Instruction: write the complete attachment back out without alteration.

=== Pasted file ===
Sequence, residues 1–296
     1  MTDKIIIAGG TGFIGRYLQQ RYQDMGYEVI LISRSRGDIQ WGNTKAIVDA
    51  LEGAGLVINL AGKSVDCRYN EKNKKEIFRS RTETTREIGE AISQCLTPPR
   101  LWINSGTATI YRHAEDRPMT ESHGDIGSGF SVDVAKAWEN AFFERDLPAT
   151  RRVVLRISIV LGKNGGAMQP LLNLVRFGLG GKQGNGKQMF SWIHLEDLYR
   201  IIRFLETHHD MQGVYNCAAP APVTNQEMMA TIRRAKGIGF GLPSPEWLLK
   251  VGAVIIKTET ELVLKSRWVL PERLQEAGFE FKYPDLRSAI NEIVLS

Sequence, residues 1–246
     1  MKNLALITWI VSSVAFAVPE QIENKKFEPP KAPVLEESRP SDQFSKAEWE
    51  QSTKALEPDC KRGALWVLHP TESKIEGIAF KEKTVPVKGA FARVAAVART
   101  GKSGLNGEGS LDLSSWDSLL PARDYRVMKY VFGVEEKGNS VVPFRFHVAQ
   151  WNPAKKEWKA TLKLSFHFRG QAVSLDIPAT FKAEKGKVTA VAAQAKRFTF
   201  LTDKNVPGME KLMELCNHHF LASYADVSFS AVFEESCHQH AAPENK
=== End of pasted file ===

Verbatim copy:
Sequence, residues 1–296
     1  MTDKIIIAGG TGFIGRYLQQ RYQDMGYEVI LISRSRGDIQ WGNTKAIVDA
    51  LEGAGLVINL AGKSVDCRYN EKNKKEIFRS RTETTREIGE AISQCLTPPR
   101  LWINSGTATI YRHAEDRPMT ESHGDIGSGF SVDVAKAWEN AFFERDLPAT
   151  RRVVLRISIV LGKNGGAMQP LLNLVRFGLG GKQGNGKQMF SWIHLEDLYR
   201  IIRFLETHHD MQGVYNCAAP APVTNQEMMA TIRRAKGIGF GLPSPEWLLK
   251  VGAVIIKTET ELVLKSRWVL PERLQEAGFE FKYPDLRSAI NEIVLS

Sequence, residues 1–246
     1  MKNLALITWI VSSVAFAVPE QIENKKFEPP KAPVLEESRP SDQFSKAEWE
    51  QSTKALEPDC KRGALWVLHP TESKIEGIAF KEKTVPVKGA FARVAAVART
   101  GKSGLNGEGS LDLSSWDSLL PARDYRVMKY VFGVEEKGNS VVPFRFHVAQ
   151  WNPAKKEWKA TLKLSFHFRG QAVSLDIPAT FKAEKGKVTA VAAQAKRFTF
   201  LTDKNVPGME KLMELCNHHF LASYADVSFS AVFEESCHQH AAPENK